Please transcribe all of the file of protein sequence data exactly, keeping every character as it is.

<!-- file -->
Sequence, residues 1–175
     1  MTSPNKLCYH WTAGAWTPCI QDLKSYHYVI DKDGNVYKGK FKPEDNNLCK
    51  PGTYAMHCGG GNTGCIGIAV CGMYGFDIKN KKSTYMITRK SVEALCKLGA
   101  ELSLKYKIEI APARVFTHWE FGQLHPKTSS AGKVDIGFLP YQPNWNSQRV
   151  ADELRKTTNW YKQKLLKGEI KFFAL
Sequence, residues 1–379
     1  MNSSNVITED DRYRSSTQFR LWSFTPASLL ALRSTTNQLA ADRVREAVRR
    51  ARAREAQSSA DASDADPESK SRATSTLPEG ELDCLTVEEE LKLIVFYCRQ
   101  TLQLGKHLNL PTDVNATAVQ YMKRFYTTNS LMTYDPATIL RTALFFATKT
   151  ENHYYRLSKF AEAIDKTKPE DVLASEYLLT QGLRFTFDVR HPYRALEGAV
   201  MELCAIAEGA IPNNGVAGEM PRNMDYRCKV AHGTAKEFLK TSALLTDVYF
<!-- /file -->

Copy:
Sequence, residues 1–175
     1  MTSPNKLCYH WTAGAWTPCI QDLKSYHYVI DKDGNVYKGK FKPEDNNLCK
    51  PGTYAMHCGG GNTGCIGIAV CGMYGFDIKN KKSTYMITRK SVEALCKLGA
   101  ELSLKYKIEI APARVFTHWE FGQLHPKTSS AGKVDIGFLP YQPNWNSQRV
   151  ADELRKTTNW YKQKLLKGEI KFFAL
Sequence, residues 1–379
     1  MNSSNVITED DRYRSSTQFR LWSFTPASLL ALRSTTNQLA ADRVREAVRR
    51  ARAREAQSSA DASDADPESK SRATSTLPEG ELDCLTVEEE LKLIVFYCRQ
   101  TLQLGKHLNL PTDVNATAVQ YMKRFYTTNS LMTYDPATIL RTALFFATKT
   151  ENHYYRLSKF AEAIDKTKPE DVLASEYLLT QGLRFTFDVR HPYRALEGAV
   201  MELCAIAEGA IPNNGVAGEM PRNMDYRCKV AHGTAKEFLK TSALLTDVYF